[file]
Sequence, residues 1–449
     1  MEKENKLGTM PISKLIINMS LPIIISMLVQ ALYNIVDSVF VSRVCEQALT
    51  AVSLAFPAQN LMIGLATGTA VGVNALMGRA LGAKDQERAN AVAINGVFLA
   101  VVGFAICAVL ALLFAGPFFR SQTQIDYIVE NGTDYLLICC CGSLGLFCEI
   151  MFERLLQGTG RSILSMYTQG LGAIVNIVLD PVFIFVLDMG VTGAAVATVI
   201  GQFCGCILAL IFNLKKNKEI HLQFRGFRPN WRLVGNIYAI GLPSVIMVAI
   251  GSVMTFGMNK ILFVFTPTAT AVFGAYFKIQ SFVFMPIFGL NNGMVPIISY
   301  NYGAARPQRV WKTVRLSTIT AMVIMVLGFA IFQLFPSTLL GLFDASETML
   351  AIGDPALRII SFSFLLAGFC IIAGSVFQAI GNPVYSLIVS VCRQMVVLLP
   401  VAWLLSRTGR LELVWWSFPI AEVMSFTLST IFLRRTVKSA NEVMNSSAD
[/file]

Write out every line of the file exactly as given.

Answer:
Sequence, residues 1–449
     1  MEKENKLGTM PISKLIINMS LPIIISMLVQ ALYNIVDSVF VSRVCEQALT
    51  AVSLAFPAQN LMIGLATGTA VGVNALMGRA LGAKDQERAN AVAINGVFLA
   101  VVGFAICAVL ALLFAGPFFR SQTQIDYIVE NGTDYLLICC CGSLGLFCEI
   151  MFERLLQGTG RSILSMYTQG LGAIVNIVLD PVFIFVLDMG VTGAAVATVI
   201  GQFCGCILAL IFNLKKNKEI HLQFRGFRPN WRLVGNIYAI GLPSVIMVAI
   251  GSVMTFGMNK ILFVFTPTAT AVFGAYFKIQ SFVFMPIFGL NNGMVPIISY
   301  NYGAARPQRV WKTVRLSTIT AMVIMVLGFA IFQLFPSTLL GLFDASETML
   351  AIGDPALRII SFSFLLAGFC IIAGSVFQAI GNPVYSLIVS VCRQMVVLLP
   401  VAWLLSRTGR LELVWWSFPI AEVMSFTLST IFLRRTVKSA NEVMNSSAD